Arnold “Hank” Adler II, age 77 of Centerville, passed away June 18. Mr. Adler is survived by his wife, Helene of 51 years; daughter, Sharon; son, David (Jennifer); five grandchildren; one great-grandson; brother, Paul (Debbie Isroff); sister, Constance Levi; many nieces, nephews and friends. Interment was at David’s Cemetery. Memorial contributions may be made to Temple Beth Or or Crossroads Hospice.


Leslie Goldstein, age 71, of Clayton, passed away July 13 in her home, surrounded by family. Mrs. Goldstein was a dedicated and highly respected teacher at Hillel Academy for 27 years, where she taught Hebrew and the foundational lessons of Judaism to students of all ages. She was a member of Beth Jacob Congregation and a Sunday school teacher for many years, following in the footsteps of her mother, Marilyn. After teaching, her love of the stage led her to the Victoria Theatre, where her outgoing personality made her the perfect usher and house manager. She also spent many years serving on the Meadowdale High School Reunion Committee, most recently planning her 50th high school reunion in 2017. Mrs. Goldstein was also a founding member of one of the longest-running book clubs in Ohio, where she spent 40 years voraciously reading literature with an extraordinary group of women. Mrs. Goldstein was preceded in death by her beloved mother and father, Marilyn and Ben Garison; and brother, Gary Garison. She is survived by her husband of 47 years, Victor Goldstein of Clayton; daughter and son-in-law, Amy and Mark Walker of Springboro; son, Andrew Goldstein of Nashville; sister, Peggy Garison Fogelman of Los Angeles; grandchildren, Ben Walker, Mia Walker, Evan Goldstein, and Graham Goldstein; sister-in-law, Therese Garison; cousins, Linda Shapiro and Harley Friedman; and numerous nieces, nephews, and many other relatives. Interment was at Beth Jacob Cemetery. The family will hold a Celebration of Life in her honor when pandemic restrictions allow. If desired, memorial contributions may be made to The Hospice of Dayton, 324 Wilmington Avenue, Dayton, Ohio 45420 or The Human Race Theatre Company, 126 N. Main Street, Suite 300, Dayton, Ohio 45402, in Mrs. Goldstein’s memory.


Marcia Elaine Greenblatt, 1/28/45 – 6/24/20. She was the only child of William and Sophie Greenblatt and was the joy of their lives. Ms. Greenblatt was born in Dayton and graduated from Fairview High School in 1962 and attended University of Oklahoma. She began her career at Hill & Company Stock Brokerage in Cincinnati, and then Kanter Fitzgerald Brokerage in Beverly Hills, Calif. Ms. Greenblatt’s last 10 years of her career were spent as head finance manager of the Backroom of Kanter Fitzgerald. An amazing daughter to Sophie and Bill. A better friend could not be found. She is survived by her wonderful family and friends, and especially devoted friends Trena Vangrow Berk and Ricki Schear Hodesh family. Interment was at Beth Jacob Cemetery. Memorial contributions may be made to the charity of your choice.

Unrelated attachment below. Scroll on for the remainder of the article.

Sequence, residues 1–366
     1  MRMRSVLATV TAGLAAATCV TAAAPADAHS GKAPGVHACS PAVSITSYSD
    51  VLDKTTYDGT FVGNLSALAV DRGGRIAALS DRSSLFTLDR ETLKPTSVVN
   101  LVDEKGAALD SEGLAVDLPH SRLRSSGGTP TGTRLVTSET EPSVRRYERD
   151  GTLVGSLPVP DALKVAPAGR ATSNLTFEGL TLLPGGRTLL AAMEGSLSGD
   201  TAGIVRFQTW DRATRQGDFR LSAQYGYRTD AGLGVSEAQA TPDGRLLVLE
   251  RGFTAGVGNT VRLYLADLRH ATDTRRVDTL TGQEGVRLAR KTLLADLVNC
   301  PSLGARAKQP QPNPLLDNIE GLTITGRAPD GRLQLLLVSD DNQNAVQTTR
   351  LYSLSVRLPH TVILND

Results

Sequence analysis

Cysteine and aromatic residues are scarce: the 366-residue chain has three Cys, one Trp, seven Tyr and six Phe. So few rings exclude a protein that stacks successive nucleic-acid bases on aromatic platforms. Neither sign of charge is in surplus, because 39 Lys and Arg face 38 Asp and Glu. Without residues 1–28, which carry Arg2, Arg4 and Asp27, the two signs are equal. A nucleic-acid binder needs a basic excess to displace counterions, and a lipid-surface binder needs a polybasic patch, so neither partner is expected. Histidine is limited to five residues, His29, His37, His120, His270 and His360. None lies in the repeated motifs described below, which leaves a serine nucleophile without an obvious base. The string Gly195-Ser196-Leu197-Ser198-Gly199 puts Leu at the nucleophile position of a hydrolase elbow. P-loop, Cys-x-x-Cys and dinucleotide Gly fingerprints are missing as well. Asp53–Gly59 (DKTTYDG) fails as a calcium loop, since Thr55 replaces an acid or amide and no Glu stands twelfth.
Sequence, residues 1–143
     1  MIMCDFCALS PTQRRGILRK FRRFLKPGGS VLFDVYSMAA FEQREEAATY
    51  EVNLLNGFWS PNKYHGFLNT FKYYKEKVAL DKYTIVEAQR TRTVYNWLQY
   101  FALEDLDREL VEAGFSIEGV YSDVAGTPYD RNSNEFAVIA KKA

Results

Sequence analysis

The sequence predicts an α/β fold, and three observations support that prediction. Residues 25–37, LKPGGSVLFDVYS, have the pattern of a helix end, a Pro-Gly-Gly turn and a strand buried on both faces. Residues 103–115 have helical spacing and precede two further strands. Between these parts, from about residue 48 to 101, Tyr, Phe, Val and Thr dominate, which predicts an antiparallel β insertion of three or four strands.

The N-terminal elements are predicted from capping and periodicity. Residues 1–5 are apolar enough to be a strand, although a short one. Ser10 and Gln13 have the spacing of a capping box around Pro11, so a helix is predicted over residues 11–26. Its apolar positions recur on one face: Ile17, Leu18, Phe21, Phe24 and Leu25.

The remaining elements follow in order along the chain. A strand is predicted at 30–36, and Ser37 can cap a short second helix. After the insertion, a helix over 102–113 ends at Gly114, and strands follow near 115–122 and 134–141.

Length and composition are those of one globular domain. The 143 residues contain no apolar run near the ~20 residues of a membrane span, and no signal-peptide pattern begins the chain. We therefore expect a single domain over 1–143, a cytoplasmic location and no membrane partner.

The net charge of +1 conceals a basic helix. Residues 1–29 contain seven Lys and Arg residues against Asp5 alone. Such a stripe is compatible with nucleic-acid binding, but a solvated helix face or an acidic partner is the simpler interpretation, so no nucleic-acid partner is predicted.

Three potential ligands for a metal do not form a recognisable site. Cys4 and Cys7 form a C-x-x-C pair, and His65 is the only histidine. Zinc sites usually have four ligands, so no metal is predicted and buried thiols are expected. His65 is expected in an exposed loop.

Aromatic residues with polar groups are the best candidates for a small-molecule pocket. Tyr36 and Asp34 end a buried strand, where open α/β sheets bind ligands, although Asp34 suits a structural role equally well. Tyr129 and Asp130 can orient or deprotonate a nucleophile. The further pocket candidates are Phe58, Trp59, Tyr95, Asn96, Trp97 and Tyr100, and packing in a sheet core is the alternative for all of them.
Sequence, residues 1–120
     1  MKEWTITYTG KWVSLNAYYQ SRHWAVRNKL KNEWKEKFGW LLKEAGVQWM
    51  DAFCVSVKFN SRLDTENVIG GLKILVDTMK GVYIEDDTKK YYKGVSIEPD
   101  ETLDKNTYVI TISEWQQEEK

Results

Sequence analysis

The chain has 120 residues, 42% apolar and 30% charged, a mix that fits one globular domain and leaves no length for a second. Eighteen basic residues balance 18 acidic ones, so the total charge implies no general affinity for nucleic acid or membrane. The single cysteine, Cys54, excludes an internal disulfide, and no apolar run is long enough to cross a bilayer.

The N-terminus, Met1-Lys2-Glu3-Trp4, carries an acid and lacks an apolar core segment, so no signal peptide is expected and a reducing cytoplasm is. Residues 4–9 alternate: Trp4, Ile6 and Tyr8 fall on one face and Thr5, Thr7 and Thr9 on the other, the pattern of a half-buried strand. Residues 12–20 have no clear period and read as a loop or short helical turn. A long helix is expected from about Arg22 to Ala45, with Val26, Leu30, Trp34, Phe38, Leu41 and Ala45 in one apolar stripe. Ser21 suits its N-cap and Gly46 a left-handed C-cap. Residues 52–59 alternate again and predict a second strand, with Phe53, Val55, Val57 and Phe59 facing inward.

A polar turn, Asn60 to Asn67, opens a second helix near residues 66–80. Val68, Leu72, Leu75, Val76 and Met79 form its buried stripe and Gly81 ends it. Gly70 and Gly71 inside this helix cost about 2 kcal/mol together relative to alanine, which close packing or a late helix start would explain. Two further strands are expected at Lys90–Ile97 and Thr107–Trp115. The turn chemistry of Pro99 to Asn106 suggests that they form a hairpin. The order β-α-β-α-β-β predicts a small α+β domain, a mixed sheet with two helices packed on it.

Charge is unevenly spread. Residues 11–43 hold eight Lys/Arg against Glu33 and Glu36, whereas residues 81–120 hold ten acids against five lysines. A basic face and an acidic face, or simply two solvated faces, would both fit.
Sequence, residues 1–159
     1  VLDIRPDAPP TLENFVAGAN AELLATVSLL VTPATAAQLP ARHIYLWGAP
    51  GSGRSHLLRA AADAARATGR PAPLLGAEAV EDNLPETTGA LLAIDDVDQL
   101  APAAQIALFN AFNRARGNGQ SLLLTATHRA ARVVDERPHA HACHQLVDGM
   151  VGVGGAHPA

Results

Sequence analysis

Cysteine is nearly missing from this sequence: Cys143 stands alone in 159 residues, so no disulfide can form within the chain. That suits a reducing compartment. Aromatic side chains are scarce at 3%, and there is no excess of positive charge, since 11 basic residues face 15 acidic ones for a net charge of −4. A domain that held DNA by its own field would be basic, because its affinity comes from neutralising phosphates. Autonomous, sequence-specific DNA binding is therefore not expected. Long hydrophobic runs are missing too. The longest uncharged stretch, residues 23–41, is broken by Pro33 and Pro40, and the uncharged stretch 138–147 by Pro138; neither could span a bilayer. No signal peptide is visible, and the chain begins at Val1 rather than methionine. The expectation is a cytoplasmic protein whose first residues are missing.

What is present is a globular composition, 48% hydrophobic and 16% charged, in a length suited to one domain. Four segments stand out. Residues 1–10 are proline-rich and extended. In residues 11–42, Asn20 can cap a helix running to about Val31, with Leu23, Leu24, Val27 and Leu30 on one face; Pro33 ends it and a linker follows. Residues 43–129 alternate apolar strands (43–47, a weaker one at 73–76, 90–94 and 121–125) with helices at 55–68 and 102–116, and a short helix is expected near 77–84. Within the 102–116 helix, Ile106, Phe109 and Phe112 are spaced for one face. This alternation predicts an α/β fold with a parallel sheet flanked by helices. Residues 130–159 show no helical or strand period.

Lorraine Mandel Kotler transitioned out of her body at 7:50 a.m. on July 4. Mrs. Kotler was born an identical twin on Feb. 12, 1939 in Pittsburgh. After working on a kibbutz in Israel for a year, she returned to Pittsburgh to earn her bachelor’s degree in education, and a license to teach English and history. She married in 1960 and taught middle school English briefly before becoming pregnant. Mrs. Kotler followed her husband Jerry’s career through five states, ultimately settling in Dayton in 1979. She received her master of science degree in library science from the University of Toledo while living there. She was most intrigued by the computer science course she was required to take for that degree, and after moving to Dayton, she chose to pursue a second bachelor’s degree in computer science, which she earned in her mid-40s at Wright State University. After that, she worked for several years as a senior software engineer for a defense contractor. In that capacity, she discovered a need for competent technical writers, so she did that work for many more years. In retirement, she worked as a substitute librarian for Montgomery County.

Mrs. Kotler was a lover of old movies and mental puzzles, and was a longtime subscriber to Games magazine. In her last days, it was all she wanted in the hospital. She and her husband watched Jeopardy religiously, Mrs. Kotler usually knowing more answers than most of the contestants. She was an amazing cook who would spend hours pitting the cherries her husband picked from his tree to make him cherry pies. Every pot of chicken soup she made was always “the best” according to Jerry, and her turkeys were never dry. Mrs. Kotler had such a big heart. When her daughter had friends who became homeless, Lorraine and Jerry never hesitated to take them in. She volunteered for many different organizations over the years, editing many newsletters, and giving to countless charities on a regular basis. She was an active life member of Hadassah, and a member of three local synagogues. Lorraine and Jerry did everything together. They were the first co-presidents of what was then the Dayton Christian-Jewish Dialogue. They also took ballroom dance classes together for many years, and as lifelong learners, they both attended classes together in various subjects up until Covid.